Prebiotics versus probiotics: What’s the difference?
Our bodies are lined with billions of bacteria, from our mouths to our bottoms. While we often associate bacteria with causing disease, there are also beneficial types of bacteria, called microflora that play an important role in various aspects of health, from regulating digestion, improving nutrient absorption to supporting immune function and fighting off pathogenic (disease-causing) bacteria.
Our microflora can be improved or diminished by a number of factors. A poor diet (processed/fast food), stress, travel to foreign countries and use of pharmaceutical drugs such as antibiotics, hormones and steroids can deplete our microflora and cause an imbalance in the good versus the bad bacteria.
Prebiotics and probiotics, which are present in a wide range of foods and supplements, can improve our gut microflora. They work in slightly different ways yet they share similar properties in that they both offer a wide range of health benefits.
Let’s take a closer look at what these substances are and how they can impact our health.
Prebiotics are non-digestible fiber components of food that nourish and stimulate the growth and activity of beneficial bacteria in the gut such as Lactobacillus and Bifidobacteria. They are naturally present in many foods, such as guar (a type of legume), chicory (a source of inulin), oats, wheat, artichokes, asparagus, dandelions, onions, garlic and bananas. They are also available in various supplements, particularly fiber products.
Probiotics, as defined by the World Health Organization are “live micro-organisms which, when administered in adequate amounts, confer a health benefit on the host.” There are numerous strains (types) of probiotics, and they differ in their properties and health benefits.
Probiotics can be found in various foods such as yogurt and kefir, fermented bean paste (tempeh), sauerkraut, kimchi and pickled vegetables. There are also many probiotic supplements available, which differ in the strains they contain, potency, source of microorganism and format (capsules, powder, chewables).
One key difference between pre- and probiotics is that prebiotics nourish all the good bacteria or microflora in the colon, while probiotics typically provide one or just a few strains of bacteria. These bacteria but may or may not match your particular microflora.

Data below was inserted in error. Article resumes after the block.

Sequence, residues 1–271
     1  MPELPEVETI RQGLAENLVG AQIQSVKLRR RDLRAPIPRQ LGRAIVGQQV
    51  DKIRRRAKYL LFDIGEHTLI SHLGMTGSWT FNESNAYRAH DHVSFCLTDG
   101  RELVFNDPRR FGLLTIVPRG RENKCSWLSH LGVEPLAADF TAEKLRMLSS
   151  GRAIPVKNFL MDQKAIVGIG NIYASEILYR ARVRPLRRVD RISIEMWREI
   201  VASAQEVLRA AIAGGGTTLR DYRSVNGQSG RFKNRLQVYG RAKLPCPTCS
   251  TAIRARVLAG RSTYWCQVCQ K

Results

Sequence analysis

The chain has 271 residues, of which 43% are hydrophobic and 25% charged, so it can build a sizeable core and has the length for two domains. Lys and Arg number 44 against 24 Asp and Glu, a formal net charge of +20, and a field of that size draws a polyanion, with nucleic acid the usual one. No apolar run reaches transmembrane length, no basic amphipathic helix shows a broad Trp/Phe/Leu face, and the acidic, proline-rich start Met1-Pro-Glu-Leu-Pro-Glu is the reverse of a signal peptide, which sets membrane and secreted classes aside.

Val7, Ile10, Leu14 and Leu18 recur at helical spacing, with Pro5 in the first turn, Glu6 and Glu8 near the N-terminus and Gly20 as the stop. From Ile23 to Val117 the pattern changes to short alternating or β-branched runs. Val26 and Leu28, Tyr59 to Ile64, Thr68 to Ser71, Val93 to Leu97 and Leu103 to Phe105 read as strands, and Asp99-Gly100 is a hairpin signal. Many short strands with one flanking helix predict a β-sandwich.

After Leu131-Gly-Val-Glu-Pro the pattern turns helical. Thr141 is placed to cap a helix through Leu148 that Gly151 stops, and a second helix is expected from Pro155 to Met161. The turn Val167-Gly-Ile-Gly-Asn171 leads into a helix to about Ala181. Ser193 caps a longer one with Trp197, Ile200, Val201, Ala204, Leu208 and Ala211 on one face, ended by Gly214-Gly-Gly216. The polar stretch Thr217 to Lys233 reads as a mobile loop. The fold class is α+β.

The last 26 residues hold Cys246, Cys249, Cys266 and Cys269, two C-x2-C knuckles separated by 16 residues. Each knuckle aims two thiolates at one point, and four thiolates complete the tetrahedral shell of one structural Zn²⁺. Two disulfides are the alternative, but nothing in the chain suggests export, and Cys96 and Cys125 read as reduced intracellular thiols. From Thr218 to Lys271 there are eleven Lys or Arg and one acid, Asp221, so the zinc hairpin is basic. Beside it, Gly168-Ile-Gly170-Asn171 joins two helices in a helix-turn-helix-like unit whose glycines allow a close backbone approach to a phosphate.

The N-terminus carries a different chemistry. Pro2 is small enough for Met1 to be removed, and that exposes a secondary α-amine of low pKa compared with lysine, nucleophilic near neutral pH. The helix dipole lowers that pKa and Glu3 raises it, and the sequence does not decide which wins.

Should you take a prebiotic, probiotic or both?
That depends on your individual health needs.
Prebiotics can benefit a number of gastrointestinal disorders such as constipation, diarrhea, Irritable Bowel Syndrome (which causes gas, bloating, constipation and diarrhea), and Functional Abdominal Pain. They can also be helpful in managing high cholesterol and triglycerides, diabetes (by improving glycemic response) and supporting weight management.
Probiotics have been shown to help: infant colic, diarrhea (caused by antibiotics or rotavirus), allergies, eczema, vaginal infections, intestinal infections such as C. difficile, inflammatory bowel disease, high cholesterol, and prevention of colds and flu. Be sure to look for a probiotic that has been specifically studied for the condition you are treating.
Here are some suggestions for improving gut health with pre- and probiotics:
• Eat a range of plant-based foods such as oats, beans and legumes, garlic, onions, dandelions and artichokes.
• Enjoy fermented dairy such as yogurt and kefir, tempeh as well as pickled vegetables.
• Boost your fiber intake and improve your gut microflora with a prebiotic supplement such as Sunfiber. This specific prebiotic fiber offers advantages over other fiber products in that it is better tolerated (less bloating and gas), it acts as a regulating fiber (benefits both constipation and occasional diarrhea) and it has been clinically researched.
• If you have to take an antibiotic, replenish your beneficial bacteria with a broad-spectrum probiotic supplement that contains Lactobacillus and Bifidobacterium.
• For prevention and management of serious health conditions such as IBS, IBD, and intestinal infections consult with your health care provide for advice and recommendations on which probiotic is best suited for you.